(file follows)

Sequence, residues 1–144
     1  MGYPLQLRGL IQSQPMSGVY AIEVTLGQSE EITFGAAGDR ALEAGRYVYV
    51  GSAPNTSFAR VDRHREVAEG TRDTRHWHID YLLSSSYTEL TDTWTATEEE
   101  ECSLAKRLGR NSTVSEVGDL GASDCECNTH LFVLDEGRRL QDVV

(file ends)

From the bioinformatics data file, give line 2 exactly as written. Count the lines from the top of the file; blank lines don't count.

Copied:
     1  MGYPLQLRGL IQSQPMSGVY AIEVTLGQSE EITFGAAGDR ALEAGRYVYV